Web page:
A deadly fungus has been spreading throughout the salamander population around the globe, vexing conservationists and pet owners alike.
The chytrid fungus has spread from Asia to the Netherlands and Germany through the pet trade, and could reach North America the same way. Scientists fear that it will kill off rare salamanders in the wild, posing a major risk to the biodiversity of salamander populations in North America.
In a study published recently in Trends in Microbiology, UMass Boston Biology Professor Doug Woodhams has uncovered a method that might help save species of salamanders and frogs from the fungus – using good bacteria to help salamanders fight off chytrid fungal infection.
Amphibian skin is mucousy and moist, more like the lining of the human esophagus and gut. Some amphibians carry beneficial bacteria on their skin, just as we carry beneficial gut bacteria. Woodhams’ research indicates that this bacteria could be used to protect amphibian species that have not co-evolved to deal with that kind the fungus.
“In the lab, we can figure out which bacteria makes a good probiotic, and apply it to individual amphibians, and make sure that they’re resistant to the infection,” Woodhams said.
This method could work for amphibians in captivity in zoos or pets in quarantine. In the wild, it’s more challenging to apply a probiotic to the skin of every salamander.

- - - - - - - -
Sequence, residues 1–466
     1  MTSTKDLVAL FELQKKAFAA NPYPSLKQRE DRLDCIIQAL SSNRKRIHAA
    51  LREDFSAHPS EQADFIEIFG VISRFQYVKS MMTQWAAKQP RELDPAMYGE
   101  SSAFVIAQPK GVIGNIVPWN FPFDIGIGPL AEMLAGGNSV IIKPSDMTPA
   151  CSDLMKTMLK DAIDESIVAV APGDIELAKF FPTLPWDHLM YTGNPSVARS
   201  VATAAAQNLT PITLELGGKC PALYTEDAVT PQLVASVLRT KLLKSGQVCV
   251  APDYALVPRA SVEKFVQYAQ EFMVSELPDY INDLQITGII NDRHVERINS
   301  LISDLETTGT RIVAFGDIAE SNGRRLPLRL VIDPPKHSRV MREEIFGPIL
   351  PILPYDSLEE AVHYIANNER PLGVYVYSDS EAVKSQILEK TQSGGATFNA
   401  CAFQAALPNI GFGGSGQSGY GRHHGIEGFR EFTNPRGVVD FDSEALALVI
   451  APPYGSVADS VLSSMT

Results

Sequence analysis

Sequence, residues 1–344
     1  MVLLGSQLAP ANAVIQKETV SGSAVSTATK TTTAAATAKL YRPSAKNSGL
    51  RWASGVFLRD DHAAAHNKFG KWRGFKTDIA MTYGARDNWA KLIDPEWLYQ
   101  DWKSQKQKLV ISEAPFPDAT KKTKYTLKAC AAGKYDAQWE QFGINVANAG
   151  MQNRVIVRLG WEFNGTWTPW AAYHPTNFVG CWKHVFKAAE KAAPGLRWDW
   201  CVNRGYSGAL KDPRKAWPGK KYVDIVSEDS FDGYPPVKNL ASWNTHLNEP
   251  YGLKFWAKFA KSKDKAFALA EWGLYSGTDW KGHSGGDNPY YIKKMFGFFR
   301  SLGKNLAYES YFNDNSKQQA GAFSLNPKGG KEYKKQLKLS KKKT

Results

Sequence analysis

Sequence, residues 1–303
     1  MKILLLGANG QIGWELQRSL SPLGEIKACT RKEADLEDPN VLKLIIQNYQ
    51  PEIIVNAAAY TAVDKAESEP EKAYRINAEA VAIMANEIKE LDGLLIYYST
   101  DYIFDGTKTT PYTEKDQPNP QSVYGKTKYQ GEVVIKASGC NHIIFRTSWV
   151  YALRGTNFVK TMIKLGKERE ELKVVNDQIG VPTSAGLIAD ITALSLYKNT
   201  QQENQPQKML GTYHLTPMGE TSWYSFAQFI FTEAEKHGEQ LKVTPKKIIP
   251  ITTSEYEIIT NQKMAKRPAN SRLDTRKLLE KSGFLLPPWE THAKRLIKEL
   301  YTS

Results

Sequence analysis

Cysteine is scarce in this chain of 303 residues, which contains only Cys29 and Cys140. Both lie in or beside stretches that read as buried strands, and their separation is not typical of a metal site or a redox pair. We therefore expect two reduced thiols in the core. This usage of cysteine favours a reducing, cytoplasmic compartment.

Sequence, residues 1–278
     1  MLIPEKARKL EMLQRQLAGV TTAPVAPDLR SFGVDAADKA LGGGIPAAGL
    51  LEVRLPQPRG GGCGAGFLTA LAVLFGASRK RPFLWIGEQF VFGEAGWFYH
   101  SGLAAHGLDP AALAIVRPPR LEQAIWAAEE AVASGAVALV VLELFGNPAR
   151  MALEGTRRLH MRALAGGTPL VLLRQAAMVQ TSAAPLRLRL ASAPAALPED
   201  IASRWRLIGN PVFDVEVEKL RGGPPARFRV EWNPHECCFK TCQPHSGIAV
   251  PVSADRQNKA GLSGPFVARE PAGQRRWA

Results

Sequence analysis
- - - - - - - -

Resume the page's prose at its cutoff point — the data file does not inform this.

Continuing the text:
But new possibilities are emerging for managing the resistance of wild salamanders. Scientists have known for a long time that these types of bacteria are found in soil, but finding them on the skin of amphibians is new. If scientists can encourage that good bacteria to grow and flourish in the salamanders’ environment, the amphibians might have a higher resistance to chytrid fungus.
“One of the new things we found is that there are bacteria on the skin of amphibians that produce volatile compounds that can kill the fungus at a distance,” said Woodhams.
Woodhams said he loves salamanders and frogs, but he knows that not everyone shares his enthusiasm for amphibians. He said that it’s important to keep in mind that the United States, and the Appalachian region in particular, has some of the greatest diversity of salamanders in the world.
Woodhams said the fungus has already killed fire salamanders in Europe. The U.S. Fish & Wildlife Service released a ruling in January declaring 201 salamander species to be “injurious wildlife” in an attempt to halt the spread of the fungus.
“Amphibians are an integral part of the ecosystem, they perform important functions,” Woodhams said. “In some places, like the Appalachian mountains, there are more salamanders than any other vertebrate.”